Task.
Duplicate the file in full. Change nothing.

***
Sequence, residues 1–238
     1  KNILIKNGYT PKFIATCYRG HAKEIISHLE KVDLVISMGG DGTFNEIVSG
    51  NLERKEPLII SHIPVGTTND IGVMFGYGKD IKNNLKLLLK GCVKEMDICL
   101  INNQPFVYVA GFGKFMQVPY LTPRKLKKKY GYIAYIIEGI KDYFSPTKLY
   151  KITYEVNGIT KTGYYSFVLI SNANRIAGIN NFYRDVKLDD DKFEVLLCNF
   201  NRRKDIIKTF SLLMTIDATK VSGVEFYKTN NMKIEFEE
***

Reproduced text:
Sequence, residues 1–238
     1  KNILIKNGYT PKFIATCYRG HAKEIISHLE KVDLVISMGG DGTFNEIVSG
    51  NLERKEPLII SHIPVGTTND IGVMFGYGKD IKNNLKLLLK GCVKEMDICL
   101  INNQPFVYVA GFGKFMQVPY LTPRKLKKKY GYIAYIIEGI KDYFSPTKLY
   151  KITYEVNGIT KTGYYSFVLI SNANRIAGIN NFYRDVKLDD DKFEVLLCNF
   201  NRRKDIIKTF SLLMTIDATK VSGVEFYKTN NMKIEFEE